A Wolf in Sheep's Clothing? English Terminology in French Annual Reports of the European Central Bank from 1991 to 2008

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A Wolf in Sheep's Clothing? English Terminology in French Annual Reports of the European Central Bank from 1991 to 2008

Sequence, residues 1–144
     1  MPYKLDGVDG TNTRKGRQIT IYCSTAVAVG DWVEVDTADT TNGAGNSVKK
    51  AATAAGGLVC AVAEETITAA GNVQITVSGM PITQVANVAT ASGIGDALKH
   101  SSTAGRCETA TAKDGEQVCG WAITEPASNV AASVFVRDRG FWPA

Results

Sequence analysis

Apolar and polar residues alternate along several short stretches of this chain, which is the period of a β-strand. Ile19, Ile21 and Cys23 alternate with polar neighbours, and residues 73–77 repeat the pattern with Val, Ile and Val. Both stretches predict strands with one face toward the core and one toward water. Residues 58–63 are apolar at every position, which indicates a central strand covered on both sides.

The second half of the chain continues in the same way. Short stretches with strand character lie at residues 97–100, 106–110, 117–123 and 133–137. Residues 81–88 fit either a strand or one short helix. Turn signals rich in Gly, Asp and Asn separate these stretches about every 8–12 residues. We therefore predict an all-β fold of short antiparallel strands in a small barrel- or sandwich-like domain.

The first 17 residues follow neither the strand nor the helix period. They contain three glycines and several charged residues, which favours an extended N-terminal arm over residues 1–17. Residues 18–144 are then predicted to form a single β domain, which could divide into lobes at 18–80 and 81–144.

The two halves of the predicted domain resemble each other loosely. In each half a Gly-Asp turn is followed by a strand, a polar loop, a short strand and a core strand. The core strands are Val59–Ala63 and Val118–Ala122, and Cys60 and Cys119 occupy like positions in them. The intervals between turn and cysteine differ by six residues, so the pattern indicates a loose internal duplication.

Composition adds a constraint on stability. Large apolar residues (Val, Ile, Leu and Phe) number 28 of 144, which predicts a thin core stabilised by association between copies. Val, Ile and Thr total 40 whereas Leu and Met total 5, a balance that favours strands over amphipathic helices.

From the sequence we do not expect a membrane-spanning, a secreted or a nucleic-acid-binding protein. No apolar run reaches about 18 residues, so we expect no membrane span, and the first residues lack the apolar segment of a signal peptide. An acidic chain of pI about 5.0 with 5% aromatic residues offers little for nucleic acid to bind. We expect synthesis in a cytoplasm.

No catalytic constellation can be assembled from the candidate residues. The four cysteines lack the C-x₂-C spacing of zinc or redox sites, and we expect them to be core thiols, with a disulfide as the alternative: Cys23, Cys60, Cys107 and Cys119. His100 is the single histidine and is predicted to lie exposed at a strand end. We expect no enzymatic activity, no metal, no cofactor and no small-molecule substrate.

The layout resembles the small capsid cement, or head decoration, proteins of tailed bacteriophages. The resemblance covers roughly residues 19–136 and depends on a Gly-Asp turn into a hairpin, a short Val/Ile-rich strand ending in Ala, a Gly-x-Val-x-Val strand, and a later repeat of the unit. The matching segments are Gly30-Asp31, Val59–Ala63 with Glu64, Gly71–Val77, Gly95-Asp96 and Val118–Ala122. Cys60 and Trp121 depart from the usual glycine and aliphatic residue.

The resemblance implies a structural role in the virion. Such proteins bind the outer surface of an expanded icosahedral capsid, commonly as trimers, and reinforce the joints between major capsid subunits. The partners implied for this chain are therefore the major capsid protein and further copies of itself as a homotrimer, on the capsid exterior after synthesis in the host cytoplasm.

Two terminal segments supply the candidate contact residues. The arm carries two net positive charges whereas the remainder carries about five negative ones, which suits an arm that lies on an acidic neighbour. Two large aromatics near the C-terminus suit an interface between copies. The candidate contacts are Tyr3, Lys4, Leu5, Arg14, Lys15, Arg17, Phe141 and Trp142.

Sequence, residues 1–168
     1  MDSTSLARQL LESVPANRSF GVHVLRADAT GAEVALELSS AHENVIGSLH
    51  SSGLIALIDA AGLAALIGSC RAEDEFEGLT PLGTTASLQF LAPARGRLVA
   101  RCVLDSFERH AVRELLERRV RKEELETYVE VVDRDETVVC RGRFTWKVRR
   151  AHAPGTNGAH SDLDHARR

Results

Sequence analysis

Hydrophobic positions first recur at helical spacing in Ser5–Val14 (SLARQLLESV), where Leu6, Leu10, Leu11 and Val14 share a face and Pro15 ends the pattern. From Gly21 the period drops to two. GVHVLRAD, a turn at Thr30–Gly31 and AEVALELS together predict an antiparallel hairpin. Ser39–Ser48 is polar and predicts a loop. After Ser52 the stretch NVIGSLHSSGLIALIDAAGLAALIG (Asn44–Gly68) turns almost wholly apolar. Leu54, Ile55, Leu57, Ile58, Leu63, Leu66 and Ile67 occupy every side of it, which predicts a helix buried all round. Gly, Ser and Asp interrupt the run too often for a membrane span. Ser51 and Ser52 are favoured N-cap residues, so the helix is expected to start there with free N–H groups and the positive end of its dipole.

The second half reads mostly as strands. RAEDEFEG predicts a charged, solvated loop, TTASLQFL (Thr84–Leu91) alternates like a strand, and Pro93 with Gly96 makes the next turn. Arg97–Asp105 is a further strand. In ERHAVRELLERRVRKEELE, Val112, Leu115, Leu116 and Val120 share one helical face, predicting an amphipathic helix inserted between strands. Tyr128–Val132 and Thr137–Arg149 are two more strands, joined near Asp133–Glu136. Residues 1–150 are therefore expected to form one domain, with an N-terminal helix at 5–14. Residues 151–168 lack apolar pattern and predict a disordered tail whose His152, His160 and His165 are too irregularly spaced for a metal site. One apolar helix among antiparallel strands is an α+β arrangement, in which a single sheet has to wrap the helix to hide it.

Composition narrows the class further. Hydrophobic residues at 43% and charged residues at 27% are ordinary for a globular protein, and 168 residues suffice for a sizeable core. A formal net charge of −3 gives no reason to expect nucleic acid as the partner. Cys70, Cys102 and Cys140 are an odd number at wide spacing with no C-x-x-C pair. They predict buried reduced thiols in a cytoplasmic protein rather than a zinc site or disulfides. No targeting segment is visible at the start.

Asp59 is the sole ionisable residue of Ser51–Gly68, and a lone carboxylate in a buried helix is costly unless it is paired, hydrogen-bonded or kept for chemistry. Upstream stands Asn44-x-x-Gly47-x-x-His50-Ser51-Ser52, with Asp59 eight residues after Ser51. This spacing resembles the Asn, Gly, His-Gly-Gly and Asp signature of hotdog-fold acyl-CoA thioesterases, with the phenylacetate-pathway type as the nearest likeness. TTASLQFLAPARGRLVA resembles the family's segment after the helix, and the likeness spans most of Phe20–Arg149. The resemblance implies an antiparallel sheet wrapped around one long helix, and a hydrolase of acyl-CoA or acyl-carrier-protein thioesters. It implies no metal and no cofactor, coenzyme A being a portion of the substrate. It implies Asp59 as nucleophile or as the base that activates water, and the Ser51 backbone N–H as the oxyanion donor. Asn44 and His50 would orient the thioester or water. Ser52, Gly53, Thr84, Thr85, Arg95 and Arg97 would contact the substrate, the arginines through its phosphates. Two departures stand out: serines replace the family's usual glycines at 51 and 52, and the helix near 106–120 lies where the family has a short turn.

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  The Journal of Specialised Translation   Issue12 – July 2009 A Wolf in Sheep’s Clothing? English Terminology in French Annual Reports of the European Central Bank from 1991 to 2008 Camilla Ferard, London Metropolitan University ABSTRACT Nineteenth century ‘standard’ English was based on a rationalist and empiricist assumption of one sole ‘external’ reality which twentieth century ‘scientific’ linguistics transferred into the ‘internal’ mind. However, in the 1930s, Whorf’s studies suggested that different languages reflect different ways of seeing reality. In the 1980s, cognitive linguists also claimed that language works as a catalyst for creativity within different cultural environments. The present study aims to measure the impact of English financial terminological borrowing in French Annual Reports of the European Central Bank through a detailed comparative and socio-cognitive analysis of six French and English terms. The findings revealed that, where cultural gaps or linguistic gaps existed, initial exploration was usually superseded by English term adoption and, where no gaps existed, terms were often replaced by an English language term, or an English language European Union neologism was imposed. This reflected an ‘Anglo-Saxon economic viewpoint’. The study concludes that, ‘standard’ English is not the ‘neutral’ vessel for international communication it claims to be, and that it may even have colluded in its own demise as non-western multilingual communities are now developing their own ‘Englishes’. However, it suggests that the European Union could try to emulate these multilingual communities’ increased capacity for reflexivity and understanding through the development of its own ‘pivot’ language, such as Esperanto. KEYWORDS Standard English, linguistics, cognitive linguists, terminological borrowing, European Central Bank, socio-cognitive, cultural gaps, linguistic gaps, European Union, multilingual, Englishes, Esperanto. 1.   Introduction  “Europe as […] the continent of liberty, solidarity, and above all diversity, meaning respect for other’s languages, cultures and traditions.” Laeken Declaration on the future of the European Union, European Council, 15 December, 2001 This article sets the use of English terminology in French texts of the Annual Reports of the European Central Bank (ECB) against past and present trends in linguistics, sociolinguistics, philosophy and politics, in order to analyse why English borrowing was and is occurring, what its effects might have, and what implications this may have for the future. In the process, it seeks to shed light on whether the above quote represents an attainable future reality. The European Economic Community (EEC) was set up when France, Germany, the Netherlands, Luxembourg, Italy and Belgium signed the Treaty of Rome in 1957. The Committee of Governors (inaugurated in 1964 to track economic issues 103    The Journal of Specialised Translation   Issue12 – July 2009 in the EEC) published the first financial annual report in 1992. The Committee was replaced by the European Monetary Institute (EMI) in 1994 and by the European Central Bank (ECB) in 1998. The Committee drafted biannual meeting minutes from 1964 until 1990, which were not produced in English until 1988. So, given that the UK and Ireland joined the EEC in 1973, what can account for the dramatic rise in English language use in the European Union (EU) since the 1990s? The two main factors involved seem to be the move towards monetary union from 2002 and the accession of second language English speaking countries (Sweden and Finland from 1996 and Eastern European countries from 2004). The past and present linguistic, cultural and political issues behind these factors will be examined in the next section. 2.   Background 2.1   The rise of linguistics and English as an ‘international’ language Medieval Europe assumed knowledge came from God-given innate principles. But scientific advances from the seventeenth century gave rise to a new philosophical branch of epistemology or the search for ‘true’ knowledge, of which the main movements were rationalism and empiricism. Descartes believed that the senses could deceive and that real knowledge could only be obtained through thought. In his Meditations  of 1647 he wrote: “I am, I exist, is necessarily true, every time I express it or conceive of it in my mind.” (Warburton 1998: 50). And, in 1689, Locke claimed in  An Essay in Human Understanding  that, whilst all knowledge came from sensory experience, reflection, reason or memory could build complex  ‘ideas’ from simple representational images in the mind (Warburton 1998: 81-82). Although these views diverged, Pennycock maintains that (as far as language is concerned) both subscribed to a representationalist view where  “meaning is said to lie in the linguistic representation of a prelinguistic material reality or in the prelinguistic thoughts of an individual.” (14: 119). Saussure is often cited as the figure responsible for moving meaning away from representationalism to modern ‘scientific’ structuralism. In his Course in General Linguistics  (based on his 1906-11 lectures and published posthumously in 1916), he claimed that “meaning was not dependent on a correspondence with an outside world but was dependent on internal structural relationships.” (Pennycock 1994: 120). He called these structural relationships (or ‘concepts’) ‘language’ of which their manifest outward expression was the ‘word’. For Pennycock, however, Saussure’s ideas follow in the representational tradition because they did not challenge the idea of there being ‘one’ fixed meaning that accord with one reality. Meaning merely moved from the ‘outside world’ into the "internal structure" of the mind (1994: 121). Moreover, for Saussure, these internal structures were "a fixed code shared by a homogenous speech community as the guarantor of shared meanings. ”   (Pennycock 1994: 121) .  So, whilst linguistic codes may be different, their 104    The Journal of Specialised Translation   Issue12 – July 2009 common purpose was to decode meaning, which was believed to transcend individual languages. In fact, he believed that monolingualism was a natural condition for humankind and synonymous with national identity (Pennycock 1994: 120). And, it is no surprise that the birth of structural linguistics coincided with the idea of the western nation state unified by a single language (Fairclough 1989 cited in Pennycock 1994: 117). In Britain itself, an era of rising workers movements and a rapidly expanding empire led to intense interest taken in the history of the British people and the subsequent promulgation of a "sociolinguistic fiction" of a homogenous people and language (Harris 1987 cited in Pennycock 1994: 116). Prescriptive rules on how English should be written and spoken (‘standard English’) controlled and stratified social class, separating the  “educated, cultured, good” from the “vulgar, rude, coarse.” (Crowley 1989 cited in Pennycock 1994: 114). Furthermore, the exportation of ‘standard English’ served to reinforce the similar stratification which existed between ‘superior’ British culture and the ‘inferior’ conquered cultures of the empire (Pennycock 1994: 116-117). A preference was also expressed for the spoken word (backed up by Saussurian ideas of universal meaning) which could reveal “the pure unsullied thoughts of our primitive selves” led to an emphasis on phonocentrism which the deconstructionist, Derrida, has linked to a western obsession with “logocentrism” or the “Unitary Self” (1976 cited in Pennycock 1994: 123). For Pennycock, this phonocentrism ignores the “complex social and cultural implications of literacy and […] the possibilities that reading and writing open up for more reflexive and more numerous interpretations of meaning.” (1994: 136). And, in fact, the same assumptions can be seen behind the creation of the various forms of ‘simplified’ Englishes such as BASIC (British American Scientific International Commercial) English developed by Ogden in 1930. In 1943, during a speech delivered at Harvard, Churchill claimed that “such plans [Basic English] offer far better prizes than taking away other people's provinces or lands or grinding them down in exploitation. The empires of the future are the empires of the mind.” (Ogden 1968 cited in Pennycock 1994: 131). This would become a post-war reality when the discipline of Applied Lingusitics was set up, along with its so-called ‘neutral’ and ‘scientific’ language teaching methods, which Luke, McHoul and Mey have suggested only served to “concur with or reinforce extant relations of power and authority.” (1979 cited in Pennycock: 138). Furthermore, a preference for monolingual and native speakers, as well as a general lack of reflection on how other cultural or social values could be taken into consideration in a positive sense to make teaching more learner culture centred, betrayed “disrespect for other languages and cultures.” (Pennycock 1994: 137). In 1940, Whorf described Basic English as “an eviscerated British English, with its concealed premises working harder than ever [...] to be fobbed off on an unsuspecting world as the substance of pure Reason itself.” (1956: 244). His book Science and Linguistics  (posthumously published in 1956) developed what later came to be known as the Linguistic Relativity Hypothesis. Working on 105    The Journal of Specialised Translation   Issue12 – July 2009 studies of a native North American Indian language, Hopi, he provided evidence of a systematic relationship between the grammatical categories of a language a person speaks and how that person both understands the world and behaves in it. Whorf wrote: “Every language and every well-knit technical sublanguage incorporates certain points of view and certain patterned resistances to widely divergent points of view.” (Whorf 1956: 247). He therefore concluded that “to restrict thinking to the patterns merely of English, and especially to those patterns which represent the acme of plainness in English, is to lose a power of thought which, once lost, can never be regained.” (1956: 244). Nevertheless, structural ‘scientific’ linguistic theories have been tenaciously resilient throughout the twentieth century. In Syntactic Structures , written in 1957 in part as a riposte to Whorf, Chomsky argues that all humans are born with a “universal grammar” that transcends individual languages. For Pennycock, these ‘innatist’ theories only relegate “all variation to the random vagaries of performance” so that language can be dealt with entirely in terms of its internal structure and without reference to its cultural social historical and political contexts (1994: 122). He argues that this is as restrictive as ‘behaviourism’ (a theory that Chomsky also purported to criticise), because it attempts to locate understanding in a pre-conceived fixed innate form which is later mapped onto words (Robinson 1975 cited in Pennycock 1994: 124). Derrida sees evidence here of a western rationalist and empiricist obsession with the Cartesian dichotomies of mind and body, the sacred and profane etc., “by which […] an order is imposed on reality and by which a subtle repression is exercised as these hierarchies exclude, subordinate and hide the various potential meanings.” (Lamont 1987: 590). The sole result can be “tyranny, which can only be sustained by the evil of repression and by excluding what is uncertain.” (Derrida 1976 cited in Temmerman 2000: 55). Derrida was, however, not just talking about totalitarian political regimes, but also about the more subtle repressive forces at work such as a growing globalisation of the world spearheaded by United States capitalism. Under the guise of neutral market-oriented policies, exported subsidiaries of companies world-wide take advantage of cheap labour and resources to reap profits to import back into the US. Schiller argues that acquiescence with this situation is achieved by simultaneous exportation of corporations and their values (the  ‘American Dream’), which “provide in their imagery and messagery, the beliefs and perspectives that create and reinforce their audiences’ attachments to the way things are in the system overall." (1979 cited in Tomlinson 1999: 81). So, by teaching English and then exporting ‘popular’ cultural English language products such as films, music etc. that reflect US capitalist values, they create their own  justification and convince “developing nations” that all they need to do is follow the “development path” of a system which, in fact, is responsible for maintaining them in that inferior position (Schiller 1979 cited in Tomlinson 1999: 82). 106    The Journal of Specialised Translation   Issue12 – July 2009 2.2. The fiction of a European language policy So, if imposition of one sole language implies “a provisional analysis of reality” (Whorf 1956: 244), is the pragmatic argument of a monolingual world in fact just a wolf in sheep’s clothing? The EU has 23 official languages but most of its scientific and administrative documentation is produced exclusively in English. For Kraus, English hegemony at the EU “reflects the results of a process which applies the logic of market integration to the communicative integration of Europe. This means that Europe refrains from tackling the language issue by political means" and falls back on the "all-too-easy litany which keeps on adding member state language to member state language.” (Kraus 2008: 96 and 99). The euro notes offer an interesting parallel as they "visualize a space that remains strangely devoid of people and has been detached from the realms of a tangible collective cultural experience: Euroland, srcinally envisaged as a symbolic home to European citizens, thus becomes a no-man's-land.” (Kraus 2008: 93). However, Kraus believes that Europe could become a “breeding ground for an intercultural empathy” and a  “laboratory for learning an intercultural competence which can be politically effective,” bringing “first order diversity into forms that do not simply reproduce it but transform it reflexively.” (2008: 98-100). He cites bilingual Canada as an example of a cooperative overlapping heterogenic entity of which no part seeks to dominate and which explores the "possibilities of creating a common context of political identification whose particular feature is its acceptance of the legitimacy of varying degrees of identification with the overarching community it represents.” (2008: 98). Yet in the absence of a language policy that is both practical and maintains cultural and linguistic diversity, Kraus believes that “Europe’s diversity will ultimately become speechless.” (2008: 97). Grin, however, gives us seven possible approaches to an EU language policy: “panarchic” (all 23 languages have equal status), “hegemonic” (English as the pivot language), "monarchic" (English as the official language), “oligarchic” (English German and French as official languages) "triple symmetrical relay" (English German and French as pivot languages), “synarchic" (Esperanto as the official language) and “technocratic” (Esperanto as the pivot language). Grin favours the latter two (2008: 77-78). However, the 1905 Declaration of Esperanto clearly favoured the “technocratic” option, when it claimed that it did not pretend to push out existing national languages, but only to facilitate worldwide communication by increasing mutual linguistic respect (cited in Philipson 2003: 173). But, to date, no international institution, apart from the League of Nations in the 1920s (blocked by fears from the French it would be replaced as the language of diplomacy), has experimented with the idea. For Philipson, Esperanto would “contribute towards maintaining a healthier, less hierarchical ecology of the official languages of the EU.” 107